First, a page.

We find that appellants' claims have not been preempted. As we interpret City of Burbank, that decision merely stands for the proposition that a non-proprietor municipality, acting under its police power, may not regulate the timing of aircraft landings. A non-proprietor may not exercise its police power in contravention of federal regulation in the same area. City of Burbank does not, however, stand for the proposition that federal regulation has ousted a proprietor from the exercise of all proprietary control over its own facility. As have several other courts, we construe footnote 14 of the City of Burbank decision as recognizing that the proprietor has the power to impose airport use restrictions where such restrictions are reasonable and nondiscriminatory. See generally British Airways Bd. v. Port Authority of N. Y., 564 F2d 1002 (2d Cir. 1977); British Airways Bd. v. Port Authority of N. Y., 558 F2d 75 (2d Cir. 1977); National Aviation v. City of Hayward, 418 FSupp. 417 (N. D. Calif. 1976). Furthermore, there is apparent agreement even among courts that adhere to a more restrictive interpretation of City of Burbank that, at the very least, proprietary control over management of ground facilities had not been federally preempted. See generally San Diego Unified Port Dist. v. Superior Ct., 136 Cal. Rptr. 557 (Cal. App. 1977); Air Transport Assn. of America v. Crotti, 389 FSupp. 58 (N. D. Cal. 1975). Preemption is, in our opinion, a doctrine which ousts a state or other government from the exercise of its police power in an area in which the power of the federal government is, by law or by implication, preeminent. Florida &c. Avocado Growers, 373 U.S. at 141, 142 supra. It is not a doctrine which invests an airport proprietor with impenetrable immunity from such liability as may arise from that proprietorship. Neither is preemption a doctrine behind which an airport proprietor whose facility creates a "nuisance" may hide, urging that its hands are tied because federal regulation has preempted all matters dealing with aircraft flights. "Nothing contained in this Chapter [the Federal Aviation Program] shall in any way abridge or alter the remedies now existing at common law or by statute, but the provisions of this Chapter are in addition to such remedies." 49 USCA § 1506. The proprietor of an airport must bear its rightful share of the legal liability for all the damage and loss resulting from and occasioned by its facility.

Such has always been the analysis of this issue in Georgia. "While the right to regulate and control the flight of airplanes in interstate commerce is vested in the Federal Government under the Commerce Clause of the Federal Constitution, the Federal Government cannot invade the rights of the people of the sovereign states so as to regulate them as between themselves. This governmental *357 function and power has not been granted to the Federal Government. On the contrary it is reserved in the states by the tenth amendment. Accordingly, . . ., the fact that the location and altitude of landing operations is subject to Federal control does not in any manner determine whether the rights of a surface owner have been violated by such flights. Such an owner has a remedy against the person, corporation or agency responsible for the invasion. This petition alleges that responsibility to be in the defendant who controls the airport facilities, and must be taken as true . . . The defendant here is a governing authority, and if it appears that the expanded use to which it puts its airport invades the property rights of adjacent owners, it has the same remedies for curing the situation, by condemnation or otherwise, as exist where it chooses a location in the first instance and locates an airport thereon. The layout of the field may be entirely proper from the standpoint of air safety and air traffic regulations, and may still constitute a nuisance as to a property owner contiguous thereto if the end result is to compel, authorize, or acquiesce in flights over such owner's home at altitudes of 50 to 100 feet which result in special damage to him." Chronister v. City of Atlanta, 99 Ga. App. 447, 452-453 (108 SE2d 731) (1959). We do not believe, for the reasons discussed above, that the subsequent decision by the Supreme Court in City of Burbank on the issue of federal preemption destroys the viability of Chronister and other Georgia decisions predating City of Burbank as authority for the proposition that an action predicated upon a nuisance theory may be brought against the proprietor of an airport facility. "The .. . authorities recognize that a property owner has an inverse condemnation remedy, constitutionally founded, against the proprietor of an airport for property damage or loss caused by noise generated at the facility. We discern no reason either in law or policy why the common law and statutory remedy of nuisance. . . should not under similar circumstances equally protect the person of the owner or the occupant." Greater Westchester, 160 Cal. Rptr. at 738, supra. It follows, therefore, that the grant of partial summary judgment to the appellee on the theory that appellants' claims other than for inverse condemnation were barred by federal preemption must be reversed.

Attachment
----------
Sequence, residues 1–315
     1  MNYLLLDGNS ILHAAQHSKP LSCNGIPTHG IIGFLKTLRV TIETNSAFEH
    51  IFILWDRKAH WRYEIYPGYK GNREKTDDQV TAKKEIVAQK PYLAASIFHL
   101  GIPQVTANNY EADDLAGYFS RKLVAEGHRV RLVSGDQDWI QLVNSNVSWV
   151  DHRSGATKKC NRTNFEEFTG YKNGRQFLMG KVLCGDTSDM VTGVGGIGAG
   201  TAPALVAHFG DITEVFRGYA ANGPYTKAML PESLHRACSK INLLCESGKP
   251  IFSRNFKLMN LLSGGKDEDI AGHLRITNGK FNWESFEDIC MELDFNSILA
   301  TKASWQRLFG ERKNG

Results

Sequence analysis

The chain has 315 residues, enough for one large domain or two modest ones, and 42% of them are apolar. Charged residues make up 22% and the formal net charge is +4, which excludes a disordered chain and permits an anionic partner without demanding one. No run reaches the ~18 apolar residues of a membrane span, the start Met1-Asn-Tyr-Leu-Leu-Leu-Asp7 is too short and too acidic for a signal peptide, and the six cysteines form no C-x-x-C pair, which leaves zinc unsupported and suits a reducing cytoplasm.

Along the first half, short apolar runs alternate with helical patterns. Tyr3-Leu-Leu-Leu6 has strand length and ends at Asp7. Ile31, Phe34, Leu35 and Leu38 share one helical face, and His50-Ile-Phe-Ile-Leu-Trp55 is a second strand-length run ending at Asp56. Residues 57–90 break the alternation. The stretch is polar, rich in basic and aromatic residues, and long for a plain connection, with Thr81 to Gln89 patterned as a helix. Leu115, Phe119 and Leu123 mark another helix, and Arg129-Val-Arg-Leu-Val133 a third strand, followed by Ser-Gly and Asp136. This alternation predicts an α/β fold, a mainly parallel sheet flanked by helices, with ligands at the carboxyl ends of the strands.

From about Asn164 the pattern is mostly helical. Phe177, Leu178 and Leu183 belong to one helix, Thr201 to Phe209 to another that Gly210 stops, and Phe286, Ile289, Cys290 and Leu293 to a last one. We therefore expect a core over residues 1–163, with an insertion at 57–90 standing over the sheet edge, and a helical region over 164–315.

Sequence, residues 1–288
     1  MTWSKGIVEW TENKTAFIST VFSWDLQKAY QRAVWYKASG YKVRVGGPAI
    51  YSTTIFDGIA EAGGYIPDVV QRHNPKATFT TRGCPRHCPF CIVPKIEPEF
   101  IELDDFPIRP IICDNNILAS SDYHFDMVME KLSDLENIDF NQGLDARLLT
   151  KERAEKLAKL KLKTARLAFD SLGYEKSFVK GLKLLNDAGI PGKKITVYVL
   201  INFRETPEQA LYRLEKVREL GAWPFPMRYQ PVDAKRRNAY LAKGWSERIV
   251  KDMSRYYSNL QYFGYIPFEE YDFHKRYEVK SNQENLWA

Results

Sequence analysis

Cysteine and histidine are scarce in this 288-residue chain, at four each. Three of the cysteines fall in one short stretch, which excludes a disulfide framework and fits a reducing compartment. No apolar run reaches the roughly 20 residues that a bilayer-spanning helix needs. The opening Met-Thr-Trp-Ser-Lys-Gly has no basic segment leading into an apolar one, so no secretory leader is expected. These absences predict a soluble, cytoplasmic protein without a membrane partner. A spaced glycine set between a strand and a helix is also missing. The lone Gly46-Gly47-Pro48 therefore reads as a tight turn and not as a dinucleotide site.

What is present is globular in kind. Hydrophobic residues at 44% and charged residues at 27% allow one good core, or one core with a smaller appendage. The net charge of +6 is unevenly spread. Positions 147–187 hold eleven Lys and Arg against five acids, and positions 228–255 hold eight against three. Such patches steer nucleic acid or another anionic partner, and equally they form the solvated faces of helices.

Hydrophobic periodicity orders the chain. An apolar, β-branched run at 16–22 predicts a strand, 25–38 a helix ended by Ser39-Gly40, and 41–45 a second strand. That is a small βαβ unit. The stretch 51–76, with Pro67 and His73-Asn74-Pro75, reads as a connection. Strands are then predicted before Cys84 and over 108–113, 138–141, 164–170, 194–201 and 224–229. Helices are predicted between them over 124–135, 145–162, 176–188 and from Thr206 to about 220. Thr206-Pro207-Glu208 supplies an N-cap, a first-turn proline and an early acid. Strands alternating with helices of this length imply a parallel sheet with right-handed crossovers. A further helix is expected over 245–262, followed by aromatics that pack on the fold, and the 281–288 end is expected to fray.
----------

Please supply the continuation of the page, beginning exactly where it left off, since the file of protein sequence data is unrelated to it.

We would emphasize that in so holding we do not express any opinion on the merits of appellants' claim under Code Ann. § 72-101 et seq. All the trial judge held in the instant case was that, under the Supreme Court's decision in City of Burbank and other federal decisions, appellants' claims were preempted by federal regulation. All we are called upon to decide is whether that ruling was erroneous. We have held that it was and that appellants' right of action is not *358 barred by the doctrine of preemption. Whether appellants are entitled to recover damages under applicable Georgia law is an issue which obviously must be resolved at a later date. "If . . . the airplanes, following the traffic patterns and maintaining the altitudes prescribed by the Federal regulatory agency, have no alternative but to invade the plaintiff's property in such manner as to constitute nuisance, then this defendant, by maintaining an airport of which such invasion is an unavoidable incident, is itself maintaining the nuisance and may be held liable in damages. . . [T]he regulation promulgated by the [federal regulatory agency] as to flight altitudes `does not determine the rights of the surface owner, either as to trespass or nuisance.'" Chronister, 99 Ga. App. at 452, supra.

Judgment reversed. Quillian, C. J., and Shulman, P. J., concur.